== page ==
Looking at images of exhibitions past at the Kunstverein, the neoclassical villa weighs heavily on contemporary art, often crushing it. It wasn’t made to nurture ethereal delicacies; rather, it was erected to be filled with noble humans and grand designs. Kind of like in Gremlins, the “superior values” of our “great societies” prevail over the unmonumental, the abject, and the alien. The soberly framed ornamentation does violence to plastic video monitors below. The rolling wood plank floors upstairs quarrel with stretched canvas. Artists tend to give in and center the work according to the neoclassical order. A famous German artist took the doors off their hinges and laid them in the middle of each room. This is an artist who, in other exhibitions, has had the install team reconstruct walls from a prior exhibition but not finish them, so that you can see their internal structure. It’s too complicated to fully explain here, but showing the studs and drywall is actually a common motif for artists who make Marxist (not the comedians) themed artwork. It demonstrates that they’re aware of the way things work. Like when this less famous German artist duo had the Kunstverein’s install team move every tool from their tool room upstairs to the rotunda.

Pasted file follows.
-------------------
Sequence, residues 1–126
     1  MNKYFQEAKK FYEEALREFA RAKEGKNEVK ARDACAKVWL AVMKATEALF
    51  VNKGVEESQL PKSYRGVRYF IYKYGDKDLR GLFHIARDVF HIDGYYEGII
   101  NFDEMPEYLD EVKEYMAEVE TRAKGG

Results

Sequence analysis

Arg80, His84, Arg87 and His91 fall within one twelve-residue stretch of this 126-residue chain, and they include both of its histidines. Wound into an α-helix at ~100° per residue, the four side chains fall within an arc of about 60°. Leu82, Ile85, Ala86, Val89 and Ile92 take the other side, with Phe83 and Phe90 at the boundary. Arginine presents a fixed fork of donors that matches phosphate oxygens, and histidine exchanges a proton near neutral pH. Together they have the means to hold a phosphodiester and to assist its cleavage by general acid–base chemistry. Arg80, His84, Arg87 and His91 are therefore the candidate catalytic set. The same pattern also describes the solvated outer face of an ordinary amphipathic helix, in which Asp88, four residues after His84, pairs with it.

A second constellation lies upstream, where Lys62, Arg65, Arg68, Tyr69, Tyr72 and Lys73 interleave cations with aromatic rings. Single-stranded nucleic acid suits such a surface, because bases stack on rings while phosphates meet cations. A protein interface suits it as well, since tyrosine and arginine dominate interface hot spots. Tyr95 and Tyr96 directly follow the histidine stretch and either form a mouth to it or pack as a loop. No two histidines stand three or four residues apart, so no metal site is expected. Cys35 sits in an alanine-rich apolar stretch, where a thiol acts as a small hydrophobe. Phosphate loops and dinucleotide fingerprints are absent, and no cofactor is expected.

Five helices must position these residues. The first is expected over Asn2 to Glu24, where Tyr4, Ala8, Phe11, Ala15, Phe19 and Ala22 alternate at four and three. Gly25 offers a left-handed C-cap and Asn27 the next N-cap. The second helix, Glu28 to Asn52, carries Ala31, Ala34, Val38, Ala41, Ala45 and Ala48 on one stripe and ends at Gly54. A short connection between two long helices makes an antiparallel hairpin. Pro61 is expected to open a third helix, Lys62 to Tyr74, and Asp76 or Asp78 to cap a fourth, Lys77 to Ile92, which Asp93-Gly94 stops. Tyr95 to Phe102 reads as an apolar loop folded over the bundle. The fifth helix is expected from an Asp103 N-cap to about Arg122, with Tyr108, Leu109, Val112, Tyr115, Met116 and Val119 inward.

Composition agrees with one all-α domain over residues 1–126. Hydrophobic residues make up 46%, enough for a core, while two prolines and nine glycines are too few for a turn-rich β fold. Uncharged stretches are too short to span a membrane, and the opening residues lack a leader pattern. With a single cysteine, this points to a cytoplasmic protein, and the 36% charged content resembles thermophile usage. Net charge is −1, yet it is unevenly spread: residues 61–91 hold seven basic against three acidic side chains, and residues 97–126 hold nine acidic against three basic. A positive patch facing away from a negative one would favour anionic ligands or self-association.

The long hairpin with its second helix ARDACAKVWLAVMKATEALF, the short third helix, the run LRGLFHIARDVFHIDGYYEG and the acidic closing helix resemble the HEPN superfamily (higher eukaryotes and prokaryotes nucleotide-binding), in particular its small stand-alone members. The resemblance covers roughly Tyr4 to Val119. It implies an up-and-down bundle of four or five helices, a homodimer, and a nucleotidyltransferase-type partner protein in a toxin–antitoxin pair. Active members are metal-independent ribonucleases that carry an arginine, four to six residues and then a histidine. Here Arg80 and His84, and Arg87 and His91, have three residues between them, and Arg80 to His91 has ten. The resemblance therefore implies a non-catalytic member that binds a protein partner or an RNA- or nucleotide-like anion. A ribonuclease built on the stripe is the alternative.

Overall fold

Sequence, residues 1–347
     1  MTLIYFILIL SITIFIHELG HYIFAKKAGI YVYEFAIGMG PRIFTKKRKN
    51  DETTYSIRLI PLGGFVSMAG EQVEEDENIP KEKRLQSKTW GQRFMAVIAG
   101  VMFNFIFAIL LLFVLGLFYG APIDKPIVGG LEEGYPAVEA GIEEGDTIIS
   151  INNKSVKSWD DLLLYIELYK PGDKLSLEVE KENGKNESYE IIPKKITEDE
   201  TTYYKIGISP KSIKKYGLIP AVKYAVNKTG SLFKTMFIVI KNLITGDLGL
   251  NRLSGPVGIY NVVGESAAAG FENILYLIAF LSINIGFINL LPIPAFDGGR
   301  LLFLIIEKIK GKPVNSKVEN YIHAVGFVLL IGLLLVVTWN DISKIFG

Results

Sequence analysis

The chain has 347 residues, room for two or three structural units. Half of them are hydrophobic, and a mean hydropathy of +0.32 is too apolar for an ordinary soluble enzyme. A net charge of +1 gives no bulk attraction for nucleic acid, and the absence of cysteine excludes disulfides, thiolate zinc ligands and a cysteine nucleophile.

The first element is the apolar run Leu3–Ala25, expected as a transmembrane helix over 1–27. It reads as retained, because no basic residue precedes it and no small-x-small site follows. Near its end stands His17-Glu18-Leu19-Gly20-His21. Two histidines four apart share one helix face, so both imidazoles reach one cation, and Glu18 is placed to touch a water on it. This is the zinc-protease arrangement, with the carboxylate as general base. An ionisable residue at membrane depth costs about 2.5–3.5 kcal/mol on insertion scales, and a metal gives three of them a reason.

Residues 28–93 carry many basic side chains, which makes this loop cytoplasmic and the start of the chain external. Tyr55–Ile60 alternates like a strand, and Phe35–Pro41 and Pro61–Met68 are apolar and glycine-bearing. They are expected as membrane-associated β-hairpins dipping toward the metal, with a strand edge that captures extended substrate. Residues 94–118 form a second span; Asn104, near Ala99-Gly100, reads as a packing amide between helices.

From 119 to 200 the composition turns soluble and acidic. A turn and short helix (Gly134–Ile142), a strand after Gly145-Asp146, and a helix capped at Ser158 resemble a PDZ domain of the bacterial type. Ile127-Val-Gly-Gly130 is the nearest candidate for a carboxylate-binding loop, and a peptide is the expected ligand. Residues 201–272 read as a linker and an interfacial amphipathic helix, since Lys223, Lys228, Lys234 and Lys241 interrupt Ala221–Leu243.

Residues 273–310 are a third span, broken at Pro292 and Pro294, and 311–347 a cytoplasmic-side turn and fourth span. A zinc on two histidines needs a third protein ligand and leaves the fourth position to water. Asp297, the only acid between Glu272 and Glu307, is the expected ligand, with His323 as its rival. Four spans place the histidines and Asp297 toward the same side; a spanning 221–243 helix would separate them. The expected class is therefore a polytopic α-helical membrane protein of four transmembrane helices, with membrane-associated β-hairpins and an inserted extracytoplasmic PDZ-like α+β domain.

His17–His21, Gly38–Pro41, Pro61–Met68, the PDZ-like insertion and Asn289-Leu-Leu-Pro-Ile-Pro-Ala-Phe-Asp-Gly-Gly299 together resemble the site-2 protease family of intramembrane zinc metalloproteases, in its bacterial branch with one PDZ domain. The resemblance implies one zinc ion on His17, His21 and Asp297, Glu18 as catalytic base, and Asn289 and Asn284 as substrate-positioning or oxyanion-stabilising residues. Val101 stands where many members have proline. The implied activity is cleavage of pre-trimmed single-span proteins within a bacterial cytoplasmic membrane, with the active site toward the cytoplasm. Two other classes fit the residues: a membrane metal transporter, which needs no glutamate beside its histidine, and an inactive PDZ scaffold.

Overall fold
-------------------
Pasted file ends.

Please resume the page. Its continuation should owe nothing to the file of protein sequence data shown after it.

Me, I’m just trying to please you, Helene, by finding elegantly disturbing solutions for these riddles. And to sway you through a spell of art and rhetoric that nothing is better equipped to deal with the gaps that you see between sport and art, Sally, than art and rhetoric. Gapsloitation in the form of a pitch. The illusion of a solution, like an insect mimicking a leaf. I don’t sell consumable goods, after all – I peddle perception. But this letter isn’t just for your two pairs of eyes only, and I feel the requisite shame of exhibition-ism. I imagine certain individuals will make their way to Braunschweig hoping for a Marxist themed show. I also wonder how many Germans rolled their eyes when Hitler came up at the beginning of this letter. I’d like to think these battles come down to tact, and not law. If I don’t pull it off, perhaps we can agree that I earned it due to all the European artists who come to LA and make wide-eyed videos about cars. But at least by default, I’m staying in my lane – after all, this is my heritage, my stock, my 23andMe. Regardless, is Germany German-themed? Perhaps in my own displaced mind, through which everything has to be decoded. This allows me to invent my own Germany. Taking fate and making it McFate. Like a buffalo, having grown its gilded wings, gone wild.